Kissing In a Warm Car

by Gita M. Smith

     You parked your father's Nash Rambler down a dark lane but left the engine running and the heater on. December had fallen over the city, all snow and icy glitter. We peeled off coats and scarves, and you let the seats back. Nash was the first to make reclining seats,  and never mind all the other claptrap about tilted steering wheel or extra trunk space. With those seats that folded back into a bed, you were the makeout king of Montreal. And I was your queen.

     You started with slow, soft, desultory kisses on my neck and ears, wandering every which way, no direction known. Then I did the same to you, inhaling your scent which was one thing at your hairline and another at your collarbone. It was all light touching and heavy breathing My mouth arrived at the side of yours and paused there, not wanting to give you the full-on, actual kiss just yet.  Then we moved by millimeters, so, so slowly until our lips were aligned on top of each other's.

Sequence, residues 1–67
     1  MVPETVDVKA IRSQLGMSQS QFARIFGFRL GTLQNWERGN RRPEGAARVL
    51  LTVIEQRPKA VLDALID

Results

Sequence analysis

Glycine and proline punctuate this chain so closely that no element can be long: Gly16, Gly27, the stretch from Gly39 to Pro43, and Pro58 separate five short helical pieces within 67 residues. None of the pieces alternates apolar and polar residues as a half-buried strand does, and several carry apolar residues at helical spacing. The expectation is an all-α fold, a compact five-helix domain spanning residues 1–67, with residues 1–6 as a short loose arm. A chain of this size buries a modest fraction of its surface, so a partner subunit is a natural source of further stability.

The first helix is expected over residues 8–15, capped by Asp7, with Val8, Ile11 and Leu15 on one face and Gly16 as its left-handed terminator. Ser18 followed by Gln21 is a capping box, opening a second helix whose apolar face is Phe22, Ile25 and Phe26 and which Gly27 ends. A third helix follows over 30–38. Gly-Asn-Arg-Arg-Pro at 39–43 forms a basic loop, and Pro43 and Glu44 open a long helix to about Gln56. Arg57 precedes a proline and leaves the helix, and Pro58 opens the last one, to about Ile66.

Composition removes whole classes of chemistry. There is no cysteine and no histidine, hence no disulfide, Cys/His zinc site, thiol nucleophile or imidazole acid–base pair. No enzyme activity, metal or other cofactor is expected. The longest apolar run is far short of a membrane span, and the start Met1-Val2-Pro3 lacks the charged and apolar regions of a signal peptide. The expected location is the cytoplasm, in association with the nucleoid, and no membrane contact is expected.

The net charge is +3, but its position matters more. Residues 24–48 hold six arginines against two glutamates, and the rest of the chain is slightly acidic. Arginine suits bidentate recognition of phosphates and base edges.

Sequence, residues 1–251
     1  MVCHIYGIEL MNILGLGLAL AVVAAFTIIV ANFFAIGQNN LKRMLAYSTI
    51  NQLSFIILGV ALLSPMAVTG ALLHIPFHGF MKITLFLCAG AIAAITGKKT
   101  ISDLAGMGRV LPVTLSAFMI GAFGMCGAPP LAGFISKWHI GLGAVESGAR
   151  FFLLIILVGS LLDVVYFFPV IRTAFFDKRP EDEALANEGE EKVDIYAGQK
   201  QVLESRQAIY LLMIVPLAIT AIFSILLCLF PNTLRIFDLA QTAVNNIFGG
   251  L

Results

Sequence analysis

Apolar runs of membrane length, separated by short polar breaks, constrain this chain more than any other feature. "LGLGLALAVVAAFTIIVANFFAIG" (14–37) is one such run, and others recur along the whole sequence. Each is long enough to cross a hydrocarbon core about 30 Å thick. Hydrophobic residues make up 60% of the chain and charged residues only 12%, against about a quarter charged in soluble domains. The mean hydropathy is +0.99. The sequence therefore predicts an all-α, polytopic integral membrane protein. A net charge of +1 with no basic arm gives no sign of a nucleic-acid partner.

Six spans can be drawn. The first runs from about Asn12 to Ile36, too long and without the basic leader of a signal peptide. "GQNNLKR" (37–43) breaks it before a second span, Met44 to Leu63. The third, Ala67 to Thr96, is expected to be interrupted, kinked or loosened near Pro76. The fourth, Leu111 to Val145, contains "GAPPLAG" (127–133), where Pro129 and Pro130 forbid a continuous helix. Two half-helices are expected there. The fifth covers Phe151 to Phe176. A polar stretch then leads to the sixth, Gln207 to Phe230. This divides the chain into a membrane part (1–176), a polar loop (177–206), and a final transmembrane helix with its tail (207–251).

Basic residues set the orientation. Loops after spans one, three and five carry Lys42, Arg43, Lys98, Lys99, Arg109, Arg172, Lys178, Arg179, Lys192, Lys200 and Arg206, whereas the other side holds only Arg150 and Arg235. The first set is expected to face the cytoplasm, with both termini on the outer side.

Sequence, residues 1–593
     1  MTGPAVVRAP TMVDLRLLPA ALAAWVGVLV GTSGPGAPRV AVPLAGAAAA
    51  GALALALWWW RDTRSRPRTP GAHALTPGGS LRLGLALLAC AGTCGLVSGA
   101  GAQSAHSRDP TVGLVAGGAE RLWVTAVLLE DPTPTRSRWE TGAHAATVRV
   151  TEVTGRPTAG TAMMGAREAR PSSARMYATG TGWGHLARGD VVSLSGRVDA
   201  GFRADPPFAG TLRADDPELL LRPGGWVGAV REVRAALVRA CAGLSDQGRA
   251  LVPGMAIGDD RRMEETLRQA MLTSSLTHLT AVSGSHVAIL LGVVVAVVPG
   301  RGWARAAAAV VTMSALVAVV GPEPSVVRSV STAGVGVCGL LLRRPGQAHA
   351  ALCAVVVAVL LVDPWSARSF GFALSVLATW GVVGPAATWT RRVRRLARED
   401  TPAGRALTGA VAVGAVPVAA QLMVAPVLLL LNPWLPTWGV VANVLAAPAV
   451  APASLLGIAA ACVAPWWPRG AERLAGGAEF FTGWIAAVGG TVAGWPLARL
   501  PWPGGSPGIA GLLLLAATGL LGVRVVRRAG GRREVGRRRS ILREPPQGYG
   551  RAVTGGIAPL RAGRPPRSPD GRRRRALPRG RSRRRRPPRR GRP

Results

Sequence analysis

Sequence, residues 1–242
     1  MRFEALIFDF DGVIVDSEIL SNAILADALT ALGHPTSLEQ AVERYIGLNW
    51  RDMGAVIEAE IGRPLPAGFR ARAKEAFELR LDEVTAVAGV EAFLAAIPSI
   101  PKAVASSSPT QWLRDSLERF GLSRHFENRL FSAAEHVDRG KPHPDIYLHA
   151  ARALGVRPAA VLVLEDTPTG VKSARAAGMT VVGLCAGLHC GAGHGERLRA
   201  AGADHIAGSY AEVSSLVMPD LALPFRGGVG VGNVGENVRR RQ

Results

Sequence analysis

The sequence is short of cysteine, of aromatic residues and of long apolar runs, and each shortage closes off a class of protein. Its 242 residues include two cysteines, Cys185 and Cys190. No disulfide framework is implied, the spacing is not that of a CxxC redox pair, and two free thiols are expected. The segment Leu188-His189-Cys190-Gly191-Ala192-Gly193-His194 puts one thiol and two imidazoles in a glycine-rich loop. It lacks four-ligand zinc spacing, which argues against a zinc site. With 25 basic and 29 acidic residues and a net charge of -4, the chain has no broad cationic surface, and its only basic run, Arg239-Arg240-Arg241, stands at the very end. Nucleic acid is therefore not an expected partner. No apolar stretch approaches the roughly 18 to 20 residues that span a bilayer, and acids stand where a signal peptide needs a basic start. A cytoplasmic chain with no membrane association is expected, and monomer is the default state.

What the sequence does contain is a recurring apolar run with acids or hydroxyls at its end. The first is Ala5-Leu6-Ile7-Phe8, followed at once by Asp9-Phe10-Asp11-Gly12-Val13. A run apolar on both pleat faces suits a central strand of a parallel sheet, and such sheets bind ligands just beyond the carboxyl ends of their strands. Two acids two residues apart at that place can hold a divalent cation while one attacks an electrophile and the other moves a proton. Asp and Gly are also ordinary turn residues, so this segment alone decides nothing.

We held it there, and you breathed into me and I took it all in and breathed the same air back into you, and you did it again, us giving each other resuscitation as if we'd drowned and the other was the only source of oxygen left on earth. You gathered me into you -- microscopic particles of my throat and bronchi and lungs -- along with each inhalation. Likewise, I took you in, your multicellular gift, when you exhaled. We breath-fucked this way until the intimacy of it became too much for us and we resorted to more commonplace uses of our mouths and hands. 

     We were still teenagers after all; exchanging souls was beyond our capability.